Tangier, a Moroccan port on the Strait of Gibraltar, has been a strategic gateway between Africa and Europe since Phoenician times. Its whitewashed hillside medina is home to the Dar el Makhzen, a palace of the sultans that’s now a museum of Moroccan artifacts. The American Legation Museum, also in the medina, documents early diplomatic relations between the U.S. and Morocco in an 1821 Moorish-style former consulate.

Casablanca is a port city and commercial hub in western Morocco, fronting the Atlantic Ocean. The city’s French colonial legacy is seen in its downtown Mauresque architecture, a blend of Moorish style and European art deco. Standing partly over the water, the enormous Hassan II Mosque, completed in 1993, has a 210m minaret topped with lasers directed toward Mecca.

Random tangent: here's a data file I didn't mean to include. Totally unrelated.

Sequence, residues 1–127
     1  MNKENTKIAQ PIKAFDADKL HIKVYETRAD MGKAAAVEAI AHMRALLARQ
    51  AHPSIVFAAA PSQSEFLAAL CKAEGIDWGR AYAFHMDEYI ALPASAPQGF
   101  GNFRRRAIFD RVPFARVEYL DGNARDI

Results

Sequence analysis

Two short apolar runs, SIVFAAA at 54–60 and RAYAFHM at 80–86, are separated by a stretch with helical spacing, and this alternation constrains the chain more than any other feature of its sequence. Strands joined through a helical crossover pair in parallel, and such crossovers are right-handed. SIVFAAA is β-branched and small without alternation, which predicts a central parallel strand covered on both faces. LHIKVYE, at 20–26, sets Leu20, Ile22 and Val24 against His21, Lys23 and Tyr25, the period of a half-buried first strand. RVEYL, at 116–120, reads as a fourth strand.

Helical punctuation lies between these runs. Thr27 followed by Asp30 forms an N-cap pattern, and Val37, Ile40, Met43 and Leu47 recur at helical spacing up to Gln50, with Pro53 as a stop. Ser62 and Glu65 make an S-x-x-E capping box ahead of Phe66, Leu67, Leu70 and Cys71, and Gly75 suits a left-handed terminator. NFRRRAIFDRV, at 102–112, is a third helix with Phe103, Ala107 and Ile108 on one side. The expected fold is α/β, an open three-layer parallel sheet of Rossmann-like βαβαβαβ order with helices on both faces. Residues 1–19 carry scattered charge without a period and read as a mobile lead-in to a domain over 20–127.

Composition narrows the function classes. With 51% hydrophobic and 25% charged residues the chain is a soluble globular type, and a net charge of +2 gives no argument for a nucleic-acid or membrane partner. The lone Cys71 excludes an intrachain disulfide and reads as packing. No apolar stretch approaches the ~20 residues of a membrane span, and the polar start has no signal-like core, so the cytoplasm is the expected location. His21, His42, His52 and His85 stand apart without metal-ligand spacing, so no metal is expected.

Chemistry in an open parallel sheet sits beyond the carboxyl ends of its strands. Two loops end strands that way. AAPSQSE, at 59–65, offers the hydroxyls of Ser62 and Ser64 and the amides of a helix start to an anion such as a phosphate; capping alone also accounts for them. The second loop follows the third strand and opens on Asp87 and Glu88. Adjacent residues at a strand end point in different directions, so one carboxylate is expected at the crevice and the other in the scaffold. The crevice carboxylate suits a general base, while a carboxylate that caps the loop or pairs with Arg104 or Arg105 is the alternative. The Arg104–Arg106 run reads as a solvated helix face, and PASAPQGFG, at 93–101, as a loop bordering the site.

Chefchaouen, is a city in the Rif Mountains of northwest Morocco. It’s known for the striking, blue-washed buildings of its old town. Leather and weaving workshops line its steep cobbled lanes. In the shady main square of Place Outa el Hammam is the red-walled Kasbah, a 15th-century fortress and dungeon, and Chefchouen Ethnographic Museum. The octagonal minaret of the Great Mosque rises nearby.

Ouarzazate is a city south of Morocco’s High Atlas mountains, known as a gateway to the Sahara Desert. Its huge Taourirt Kasbah, home to a 19th-century palace, has views over the rugged local landscape, which features in several movies. Northwest is the fortified red-earth city of Aït Ben Haddou. Northeast is the rocky Todra Gorge. A road winds southeast through the Draa Valley’s lush palm groves to the desert.



The population of Morocco is over 34 million. 99% of residents are Arab-Berber, with the remaining 1% comprising other groups. 99% of Moroccans are Muslim.